Weather Extremes: Coping with the Changing Risks

Saturday, February 16, 2013
Room 204 (Hynes Convention Center)
Chris Field , Carnegie Institution for Science and Stanford University, Stanford, CA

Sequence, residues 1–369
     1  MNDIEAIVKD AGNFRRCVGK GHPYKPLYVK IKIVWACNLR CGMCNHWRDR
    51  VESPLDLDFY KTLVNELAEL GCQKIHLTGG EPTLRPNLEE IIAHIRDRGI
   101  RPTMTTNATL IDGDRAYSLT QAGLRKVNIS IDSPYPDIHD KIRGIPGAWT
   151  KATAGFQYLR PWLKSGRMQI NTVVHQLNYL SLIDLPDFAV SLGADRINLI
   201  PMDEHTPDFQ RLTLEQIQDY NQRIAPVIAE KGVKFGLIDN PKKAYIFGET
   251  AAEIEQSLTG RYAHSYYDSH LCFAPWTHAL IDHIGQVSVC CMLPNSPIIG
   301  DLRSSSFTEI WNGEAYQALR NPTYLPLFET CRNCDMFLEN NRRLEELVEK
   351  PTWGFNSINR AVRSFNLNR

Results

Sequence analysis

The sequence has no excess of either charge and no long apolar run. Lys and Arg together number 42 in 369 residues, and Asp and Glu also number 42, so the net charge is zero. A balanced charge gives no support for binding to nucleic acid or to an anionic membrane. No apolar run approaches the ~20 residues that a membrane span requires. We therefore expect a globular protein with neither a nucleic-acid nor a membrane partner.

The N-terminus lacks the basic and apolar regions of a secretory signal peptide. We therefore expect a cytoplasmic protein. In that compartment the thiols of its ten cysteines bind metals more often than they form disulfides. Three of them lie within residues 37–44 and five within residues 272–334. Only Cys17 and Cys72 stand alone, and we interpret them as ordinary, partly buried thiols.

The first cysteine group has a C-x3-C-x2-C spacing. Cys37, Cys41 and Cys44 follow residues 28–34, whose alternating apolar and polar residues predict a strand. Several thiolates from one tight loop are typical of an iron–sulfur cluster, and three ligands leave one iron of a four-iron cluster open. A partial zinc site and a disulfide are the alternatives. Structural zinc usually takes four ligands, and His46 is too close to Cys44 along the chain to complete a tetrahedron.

In its 2012 Special Report, the Intergovernmental Panel On Climate Change concluded that “A changing climate leads to changes in the frequency, intensity, spatial extent, duration, and timing of extreme weather and climate events, and can result in unprecedented extreme weather and climate events.”  The science of detecting, attributing, and projecting extreme events and changes in extreme events poses many challenges, but recent progress has been rapid.  Existing data indicate increases over the last 50 years in several kinds of climate extremes, including high temperatures, the fraction of precipitation falling in the heaviest events, and extremes associated with high sea levels.  Some parts of the world have seen increases in the length or severity of droughts.  Climate models project continuing changes in these extremes.  Over the last 30 years, economic losses from weather related disasters have also increased.  The available evidence points to increasing exposure (an increase in the amount and/or value of the assets in harm’s way) as the dominant cause of this trend.  Economic losses, however, present a very incomplete picture of the true impacts of disasters, which include human and environmental components.  The risk of climate-related disaster emerges from the overlap of weather or climate extreme, exposure, and vulnerability of the exposed humans, ecosystems, and investments.  The relationship between the magnitude of the weather extreme and the ensuing disaster is not strong.  Moderate extremes can lead to major disasters, especially in communities subjected to other stresses or in cases when extremes are repeated.  There is a wide range of opportunities for reducing disaster risk and improving disaster response.  The most effective options tend to produce both immediate benefits in sustainable development and long-term benefits in reduced vulnerability.  Solutions that emphasize a portfolio of approaches, multi-hazard risk reduction, and learning by doing offer many advantages for resilience and sustainability.  Some options may require transformation, including questioning assumptions and paradigms, and stimulating innovation.